|1,4 dioxane, from wiki commons|
1,4-dioxane isn't passed along supply chain with a label, hall pass, or note
Let's use this opportunity to remind ourselves that toxic chemicals are not always passed along the supply chain in the typical manner.
This is why we need to be questioning suppliers not just about product ingredients but about processes as well. Information about raw materials and product-ingredient chemicals and substances must be collected, culled, and considered, yes, as we have said; information about process must be collected, culled and considered too. Because:
1,4-dioxane is NOT listed as an ingredient
1,4-dioxane is created inadvertently due to chemical processing - it's thus a manufacturing byproduct, not a manufacturing ingredient. Therefore, toxic as it can be, 1,4-dioxane is not listed on ingredient labels.
Toxic chemicals are not always:
- listed in product ingredients
- identified in raw material labels, even with CLP labelling
- passed from supplier to manufacturer with a disclaimer statement, as in, "Here are your chemicals, and by the way, some are toxic and/or illegal."
1,4-dioxane is a petrochemical carcinogen
Nevertheless, 1,4-dioxane is classified by the U.S. Environmental Protection Agency or EPA as a probable human carcinogen. It's said to be safe for consumers in "trace amounts," which themselves are ill-defined. California's Proposition 65 requires that consumer products contain no more than 10 parts per million (ppm) of 1,4-dioxane.
Consumers can be exposed to 1,4-dioxane through a myriad of different sources. The popular Herbal Essences shampoos recently had to be reformulated because of too much of it.
California's EPA says that 1,4-dioxane, at sufficient amounts:
- is known to cause cancer
- may cause kidney, respiratory, and neurological toxicity.
Wanted: sophisticated supply chain questionnaires
It's one thing to identify toxic or potentially toxic chemicals in a supply chain, as the landmark REACH regulation in Europe is trying to do, for instance.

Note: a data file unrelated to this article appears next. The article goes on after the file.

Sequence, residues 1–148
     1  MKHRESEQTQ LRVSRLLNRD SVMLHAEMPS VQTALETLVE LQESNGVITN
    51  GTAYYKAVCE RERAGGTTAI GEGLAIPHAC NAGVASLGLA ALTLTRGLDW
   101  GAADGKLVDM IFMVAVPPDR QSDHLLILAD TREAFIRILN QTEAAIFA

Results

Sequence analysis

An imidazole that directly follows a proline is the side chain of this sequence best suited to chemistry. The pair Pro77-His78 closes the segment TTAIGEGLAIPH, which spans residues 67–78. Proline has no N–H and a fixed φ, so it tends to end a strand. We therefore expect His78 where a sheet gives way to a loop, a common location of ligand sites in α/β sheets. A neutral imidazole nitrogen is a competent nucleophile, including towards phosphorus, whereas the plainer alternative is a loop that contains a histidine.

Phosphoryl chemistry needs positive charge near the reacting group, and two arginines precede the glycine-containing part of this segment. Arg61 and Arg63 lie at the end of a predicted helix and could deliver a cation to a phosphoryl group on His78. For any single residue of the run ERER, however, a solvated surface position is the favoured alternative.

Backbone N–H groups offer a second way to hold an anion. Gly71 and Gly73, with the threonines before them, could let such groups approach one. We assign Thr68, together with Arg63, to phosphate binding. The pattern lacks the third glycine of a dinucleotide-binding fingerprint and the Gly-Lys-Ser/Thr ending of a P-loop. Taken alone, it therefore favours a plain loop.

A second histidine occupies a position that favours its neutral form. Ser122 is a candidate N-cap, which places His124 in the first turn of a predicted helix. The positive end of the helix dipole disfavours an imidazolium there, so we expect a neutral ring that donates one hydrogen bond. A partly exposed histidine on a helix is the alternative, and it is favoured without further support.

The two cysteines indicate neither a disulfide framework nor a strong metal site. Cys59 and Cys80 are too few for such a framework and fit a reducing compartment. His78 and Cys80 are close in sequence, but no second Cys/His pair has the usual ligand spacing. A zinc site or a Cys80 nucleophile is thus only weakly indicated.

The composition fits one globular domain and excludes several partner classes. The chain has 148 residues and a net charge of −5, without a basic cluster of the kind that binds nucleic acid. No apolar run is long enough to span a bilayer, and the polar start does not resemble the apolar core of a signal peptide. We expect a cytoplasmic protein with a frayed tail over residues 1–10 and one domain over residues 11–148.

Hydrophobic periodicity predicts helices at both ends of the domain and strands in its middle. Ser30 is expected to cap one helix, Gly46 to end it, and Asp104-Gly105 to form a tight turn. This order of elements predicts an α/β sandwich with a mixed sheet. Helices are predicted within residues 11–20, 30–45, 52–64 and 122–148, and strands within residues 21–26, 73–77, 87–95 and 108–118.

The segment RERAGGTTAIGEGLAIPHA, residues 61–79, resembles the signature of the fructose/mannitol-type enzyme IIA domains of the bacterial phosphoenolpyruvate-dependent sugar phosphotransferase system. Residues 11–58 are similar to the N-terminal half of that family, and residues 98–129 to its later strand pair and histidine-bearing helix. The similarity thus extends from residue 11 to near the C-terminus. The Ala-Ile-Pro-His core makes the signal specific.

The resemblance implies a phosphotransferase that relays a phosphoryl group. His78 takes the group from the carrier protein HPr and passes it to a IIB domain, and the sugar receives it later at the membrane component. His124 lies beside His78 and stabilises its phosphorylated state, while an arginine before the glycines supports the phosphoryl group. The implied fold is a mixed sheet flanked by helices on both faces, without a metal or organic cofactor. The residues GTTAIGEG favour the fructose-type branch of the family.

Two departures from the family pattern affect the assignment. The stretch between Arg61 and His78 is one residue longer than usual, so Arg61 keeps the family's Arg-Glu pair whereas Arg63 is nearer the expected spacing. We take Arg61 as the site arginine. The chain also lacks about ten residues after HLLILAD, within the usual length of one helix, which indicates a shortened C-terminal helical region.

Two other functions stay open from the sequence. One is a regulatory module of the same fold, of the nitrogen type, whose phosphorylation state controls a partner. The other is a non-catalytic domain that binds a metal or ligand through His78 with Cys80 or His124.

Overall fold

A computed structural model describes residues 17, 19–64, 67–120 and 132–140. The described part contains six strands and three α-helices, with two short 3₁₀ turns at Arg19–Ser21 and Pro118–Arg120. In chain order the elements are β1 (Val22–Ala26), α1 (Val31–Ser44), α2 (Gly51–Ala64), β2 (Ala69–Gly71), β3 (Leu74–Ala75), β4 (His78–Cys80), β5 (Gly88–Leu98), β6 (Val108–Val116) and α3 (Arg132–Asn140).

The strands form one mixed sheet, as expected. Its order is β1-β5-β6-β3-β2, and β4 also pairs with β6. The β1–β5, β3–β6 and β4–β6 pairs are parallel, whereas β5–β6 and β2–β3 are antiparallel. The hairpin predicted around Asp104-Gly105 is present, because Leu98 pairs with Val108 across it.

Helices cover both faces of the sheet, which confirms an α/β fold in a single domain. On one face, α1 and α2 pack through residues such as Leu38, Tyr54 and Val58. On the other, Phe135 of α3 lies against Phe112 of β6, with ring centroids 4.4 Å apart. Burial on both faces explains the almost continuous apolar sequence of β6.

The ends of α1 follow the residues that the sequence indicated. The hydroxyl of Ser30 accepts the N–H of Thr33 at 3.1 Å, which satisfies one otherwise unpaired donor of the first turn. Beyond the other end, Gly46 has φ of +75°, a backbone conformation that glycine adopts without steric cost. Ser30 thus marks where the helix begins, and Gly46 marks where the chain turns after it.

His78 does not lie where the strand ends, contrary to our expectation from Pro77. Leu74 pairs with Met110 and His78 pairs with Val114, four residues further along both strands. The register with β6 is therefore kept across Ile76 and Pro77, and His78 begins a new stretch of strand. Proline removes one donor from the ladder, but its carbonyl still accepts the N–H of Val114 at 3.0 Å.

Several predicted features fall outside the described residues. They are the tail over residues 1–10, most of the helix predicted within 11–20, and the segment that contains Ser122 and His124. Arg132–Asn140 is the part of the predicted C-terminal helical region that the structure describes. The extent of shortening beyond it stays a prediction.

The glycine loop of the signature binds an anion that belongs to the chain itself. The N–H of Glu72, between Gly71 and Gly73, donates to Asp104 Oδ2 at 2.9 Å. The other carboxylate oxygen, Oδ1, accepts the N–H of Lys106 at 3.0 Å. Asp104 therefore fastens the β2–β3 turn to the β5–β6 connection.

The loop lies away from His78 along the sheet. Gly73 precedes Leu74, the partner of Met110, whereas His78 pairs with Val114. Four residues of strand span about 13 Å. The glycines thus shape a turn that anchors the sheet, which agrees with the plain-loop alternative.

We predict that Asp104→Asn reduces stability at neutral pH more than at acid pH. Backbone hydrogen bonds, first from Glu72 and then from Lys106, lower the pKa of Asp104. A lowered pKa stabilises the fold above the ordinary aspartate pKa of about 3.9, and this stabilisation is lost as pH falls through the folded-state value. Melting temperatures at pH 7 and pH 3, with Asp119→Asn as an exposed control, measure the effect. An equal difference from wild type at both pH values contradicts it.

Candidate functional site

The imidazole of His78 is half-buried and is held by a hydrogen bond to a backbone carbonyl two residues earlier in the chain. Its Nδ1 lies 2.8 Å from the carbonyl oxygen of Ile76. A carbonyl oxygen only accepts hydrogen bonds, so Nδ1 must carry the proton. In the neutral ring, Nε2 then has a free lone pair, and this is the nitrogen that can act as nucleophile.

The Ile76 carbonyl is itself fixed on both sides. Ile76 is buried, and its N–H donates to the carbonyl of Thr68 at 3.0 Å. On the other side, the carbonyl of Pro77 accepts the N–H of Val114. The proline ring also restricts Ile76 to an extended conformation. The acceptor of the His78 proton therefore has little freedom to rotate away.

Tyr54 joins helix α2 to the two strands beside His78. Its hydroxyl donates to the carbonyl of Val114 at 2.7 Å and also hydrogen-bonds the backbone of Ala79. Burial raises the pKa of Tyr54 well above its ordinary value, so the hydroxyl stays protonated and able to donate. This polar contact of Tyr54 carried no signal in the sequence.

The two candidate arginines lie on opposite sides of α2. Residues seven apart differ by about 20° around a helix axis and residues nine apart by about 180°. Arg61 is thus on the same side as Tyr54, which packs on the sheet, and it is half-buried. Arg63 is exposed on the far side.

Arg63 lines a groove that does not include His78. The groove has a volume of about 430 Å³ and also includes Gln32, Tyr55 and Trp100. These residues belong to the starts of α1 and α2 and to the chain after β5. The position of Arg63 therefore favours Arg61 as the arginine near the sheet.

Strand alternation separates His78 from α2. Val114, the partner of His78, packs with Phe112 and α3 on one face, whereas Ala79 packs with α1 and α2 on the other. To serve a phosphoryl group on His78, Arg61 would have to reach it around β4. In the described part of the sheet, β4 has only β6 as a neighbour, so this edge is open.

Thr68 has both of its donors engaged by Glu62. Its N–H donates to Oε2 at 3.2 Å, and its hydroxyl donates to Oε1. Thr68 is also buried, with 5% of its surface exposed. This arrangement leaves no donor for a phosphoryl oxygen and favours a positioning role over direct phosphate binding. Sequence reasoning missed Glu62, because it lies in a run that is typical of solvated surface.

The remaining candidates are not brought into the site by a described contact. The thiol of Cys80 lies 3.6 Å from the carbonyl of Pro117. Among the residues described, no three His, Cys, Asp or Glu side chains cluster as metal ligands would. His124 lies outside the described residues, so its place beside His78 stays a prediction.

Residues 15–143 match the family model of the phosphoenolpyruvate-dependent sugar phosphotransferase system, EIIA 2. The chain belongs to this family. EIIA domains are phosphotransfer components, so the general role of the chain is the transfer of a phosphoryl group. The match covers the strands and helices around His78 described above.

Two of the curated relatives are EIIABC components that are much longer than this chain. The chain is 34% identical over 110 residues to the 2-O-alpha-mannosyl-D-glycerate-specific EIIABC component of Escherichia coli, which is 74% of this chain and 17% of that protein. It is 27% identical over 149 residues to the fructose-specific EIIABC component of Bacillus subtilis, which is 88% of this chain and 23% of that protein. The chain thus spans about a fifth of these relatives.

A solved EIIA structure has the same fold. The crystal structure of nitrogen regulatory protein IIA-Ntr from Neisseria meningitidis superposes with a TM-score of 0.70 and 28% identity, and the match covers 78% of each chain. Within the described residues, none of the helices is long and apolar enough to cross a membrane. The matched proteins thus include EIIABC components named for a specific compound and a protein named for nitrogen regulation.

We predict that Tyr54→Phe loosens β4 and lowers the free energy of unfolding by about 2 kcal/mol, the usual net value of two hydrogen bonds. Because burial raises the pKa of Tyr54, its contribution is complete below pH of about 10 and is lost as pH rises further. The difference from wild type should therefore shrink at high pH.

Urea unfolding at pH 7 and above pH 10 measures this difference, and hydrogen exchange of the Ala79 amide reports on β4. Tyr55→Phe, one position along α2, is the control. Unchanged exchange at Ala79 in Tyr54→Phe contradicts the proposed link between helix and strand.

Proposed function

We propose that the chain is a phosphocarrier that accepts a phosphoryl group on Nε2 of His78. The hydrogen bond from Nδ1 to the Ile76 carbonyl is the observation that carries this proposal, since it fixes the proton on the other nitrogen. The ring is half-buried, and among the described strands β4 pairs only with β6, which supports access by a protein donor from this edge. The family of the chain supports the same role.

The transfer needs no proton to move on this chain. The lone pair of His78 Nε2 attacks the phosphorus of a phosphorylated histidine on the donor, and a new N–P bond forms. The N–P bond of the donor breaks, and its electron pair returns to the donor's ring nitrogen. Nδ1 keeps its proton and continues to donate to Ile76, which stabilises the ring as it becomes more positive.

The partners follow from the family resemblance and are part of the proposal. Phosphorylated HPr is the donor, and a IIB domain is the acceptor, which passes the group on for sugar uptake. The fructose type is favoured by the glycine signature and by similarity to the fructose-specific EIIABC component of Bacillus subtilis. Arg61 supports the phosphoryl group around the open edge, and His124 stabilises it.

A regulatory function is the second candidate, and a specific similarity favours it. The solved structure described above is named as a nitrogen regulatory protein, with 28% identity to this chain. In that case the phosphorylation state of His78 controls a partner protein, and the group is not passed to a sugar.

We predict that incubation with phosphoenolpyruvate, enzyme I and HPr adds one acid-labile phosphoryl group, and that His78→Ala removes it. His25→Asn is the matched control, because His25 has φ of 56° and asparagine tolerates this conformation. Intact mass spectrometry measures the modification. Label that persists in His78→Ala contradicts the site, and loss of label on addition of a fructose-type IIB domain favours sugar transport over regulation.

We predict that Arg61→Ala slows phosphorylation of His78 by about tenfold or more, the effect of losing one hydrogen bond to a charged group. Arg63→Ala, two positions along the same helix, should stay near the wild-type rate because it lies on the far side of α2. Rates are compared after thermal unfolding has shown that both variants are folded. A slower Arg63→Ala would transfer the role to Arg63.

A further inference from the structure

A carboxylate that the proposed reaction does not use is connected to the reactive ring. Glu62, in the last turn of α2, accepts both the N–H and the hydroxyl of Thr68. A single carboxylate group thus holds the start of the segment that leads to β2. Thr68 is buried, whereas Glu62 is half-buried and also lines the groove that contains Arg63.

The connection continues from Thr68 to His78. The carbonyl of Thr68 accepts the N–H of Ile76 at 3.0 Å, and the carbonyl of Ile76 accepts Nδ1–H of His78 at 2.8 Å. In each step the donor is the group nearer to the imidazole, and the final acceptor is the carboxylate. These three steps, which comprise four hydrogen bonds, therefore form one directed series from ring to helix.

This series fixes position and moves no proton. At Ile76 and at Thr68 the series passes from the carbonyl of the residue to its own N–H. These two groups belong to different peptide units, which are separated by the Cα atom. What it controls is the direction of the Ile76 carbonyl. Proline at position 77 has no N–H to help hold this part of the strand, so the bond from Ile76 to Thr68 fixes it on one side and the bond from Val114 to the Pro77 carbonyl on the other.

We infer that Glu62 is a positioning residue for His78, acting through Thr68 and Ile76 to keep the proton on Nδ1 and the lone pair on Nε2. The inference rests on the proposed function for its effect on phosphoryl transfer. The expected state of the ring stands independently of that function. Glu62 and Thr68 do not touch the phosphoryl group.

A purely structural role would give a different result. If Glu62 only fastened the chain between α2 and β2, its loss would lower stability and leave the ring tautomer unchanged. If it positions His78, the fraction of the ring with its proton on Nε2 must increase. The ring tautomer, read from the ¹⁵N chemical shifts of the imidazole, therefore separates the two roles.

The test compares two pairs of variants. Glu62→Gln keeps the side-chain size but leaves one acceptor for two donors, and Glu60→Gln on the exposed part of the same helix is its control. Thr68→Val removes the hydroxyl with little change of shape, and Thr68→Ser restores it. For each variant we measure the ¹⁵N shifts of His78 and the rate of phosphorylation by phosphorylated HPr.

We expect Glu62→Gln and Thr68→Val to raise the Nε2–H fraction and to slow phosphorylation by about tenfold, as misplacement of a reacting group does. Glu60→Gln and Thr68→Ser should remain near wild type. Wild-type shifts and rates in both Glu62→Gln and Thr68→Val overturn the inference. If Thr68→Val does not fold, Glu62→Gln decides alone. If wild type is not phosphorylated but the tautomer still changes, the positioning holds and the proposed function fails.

It's another thing to check for > trace amounts of not ingredients but process by-products. Sophisticated supplier questionnaires are key. There is some sophisticated software for materials disclosure out there, for instance, REACHtracker at http://www.reachtracker.com - the SaaS plug-and-play software module from Actio Corp.
Also, there is software called Material Disclosure software from the same company. Material Disclosure is a REACH compliance software on steroids, meaning it is used not just for REACH, but also for RoHS, California Prop 65 compliance and GADSL and Green Chemistry -- as well as certification and compliance regarding all other local and global product manufacturing and distribution regulations of the chemical-environmental ilk.
A software for chemical regulatory compliance in a product supply chain -- that is, software that tracks toxic substances in a product -- must either allow for custom questionnaires and/or include queries about processing by-products such as 1,4-dioxane in its default questionnaires.
Things to keep in mind
1,4 Dioxane is a byproduct, not an ingredient. A regulatory parameter such as California's Prop 65 should not catch you off-guard, as it did Proctor & Gamble, when they had to make significant reformulations to one of their top products.
Very notably, P&G does great work on the green products and green supply chain front, so naturally they get and deserve a break. Our focus is not on blacklisting or even brownlisting a particular company. Few of us have halos.
The key things to know about toxic byproducts in a supply chain are:
- if P&G got caught, it's happening in other supply chains
- the regulations are not getting more lax as time goes on
- even CLP or GHS labeling won't fix it
- there are ways to prevent it
- CA Prop 65: http://oehha.ca.gov/prop65/background/p65plain.html
- Article on P&G reducing levels of 1,4-dioxane in its Herbal Essences line of hair care products: http://www.naturalnews.com/028560_Herbal_Essences_shampoo.html
- EPA: http://www.epa.gov/iris/subst/0326.htm